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Keeping forum and blog comments clean

We're all getting far too used to having to type in a word that's shown in an image, to answer a multiple choice question, to do a sum and type in the answer when we want to post to / comment on an article on a web site. And sometimes those images are quite hard to make out - indeed they seem designed to be the reverse of accessible!

Question ... "Why are the words at the bottom of the page so hard to decipher? Why are they needed at all? We are not on some Nationally sensitive site."

Everyone who runs a site that welcomes public comment needs to have some sort of protection and strategy against contributions by people who are known as "forum spammers". People who will contribute to a site, but off topic, with material at best dilutes the site and at worst causes real offence ... and they'll do it to advertise their own products. This web site you're reading at the moment has a peak traffic of over 250 visitors per hour in the middle of a weekday, and if an advertiser can sneak in his product (or, often, scam) onto a reputable site it will give it "street cred" and also help - by association - in search engine results - Search engines work along the lines of "it this is approved of by lots of reputable sites, then we should approve it more".

Does this effect even small new sites like our Melksham SCOB [Campus] site, where the question was asked? Yes - I don't think I'm giving anything away here - the very first comments were along the lines "What a fascinating site. Have you seen this probuct [link]". The obvious follow-up question is "Why not simply delete these contributions" ... but the answer is that they come too thick and fast; we have to have a mechanism that's prevention rather than cure.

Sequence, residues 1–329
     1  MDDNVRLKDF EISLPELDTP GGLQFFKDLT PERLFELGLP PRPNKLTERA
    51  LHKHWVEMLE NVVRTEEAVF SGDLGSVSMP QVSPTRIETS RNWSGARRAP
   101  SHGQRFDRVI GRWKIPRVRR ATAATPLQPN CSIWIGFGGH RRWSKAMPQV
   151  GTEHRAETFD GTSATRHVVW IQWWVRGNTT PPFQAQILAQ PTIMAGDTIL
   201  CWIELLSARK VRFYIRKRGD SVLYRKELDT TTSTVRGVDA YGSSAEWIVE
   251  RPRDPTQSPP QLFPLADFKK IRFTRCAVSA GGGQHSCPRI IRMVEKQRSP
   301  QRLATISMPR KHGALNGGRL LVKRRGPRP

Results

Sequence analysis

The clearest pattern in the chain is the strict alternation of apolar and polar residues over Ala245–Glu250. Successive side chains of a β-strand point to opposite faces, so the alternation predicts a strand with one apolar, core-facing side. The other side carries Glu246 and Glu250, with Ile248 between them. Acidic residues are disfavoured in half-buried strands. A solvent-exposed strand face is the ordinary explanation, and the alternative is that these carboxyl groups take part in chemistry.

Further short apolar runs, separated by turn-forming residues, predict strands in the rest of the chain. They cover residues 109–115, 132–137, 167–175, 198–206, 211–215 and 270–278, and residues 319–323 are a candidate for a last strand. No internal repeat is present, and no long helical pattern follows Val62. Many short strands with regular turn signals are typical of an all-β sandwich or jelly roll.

There are two strategies to overcome forum spam. The first is to require all users to sign up, agree to terms and condtions, make some checks to be pretty sure that they're genuine, and then let them loose. This is what we use on a site that I look after as part of my campaign for an improved rail service for Melksham - see [here] for the registration page. It's excellent for a site where the operator anticipates regular contributions from the same people, where a continuity of submissions is useful, and where newcomers won't be too put off by the hurdles and intial wait to write their first contribution. The second is to check every post / contribution as it's made - yes, that involves repeated security checks that may be a bit irritating for the contributor - but it does get over that major hurdle of loosing a high proportion of potential contributiors because of sign up delays before they can even write anything.

That's given you an overview of why we need to protect against forum spam. The figures are huge; if you look at the Project Honeypot site you'll find figures in the millions, and if you look at the Stop Forum Spam site, you'll find that the whole front page is a list of spammers reported within the last minute!

Answering, now, the first part of the question. The words have to be hard to decipher to make it difficult for automated programs to do it - and character recognition is a very well developed science these days. If you can read it easily, then it's probable that a program can. And once you get programs generating spam, based on a pattern and sending it out to large lists of possible target sites, you're in a very interesting "game" indeed.
(written 2012-03-19, updated 2012-03-24)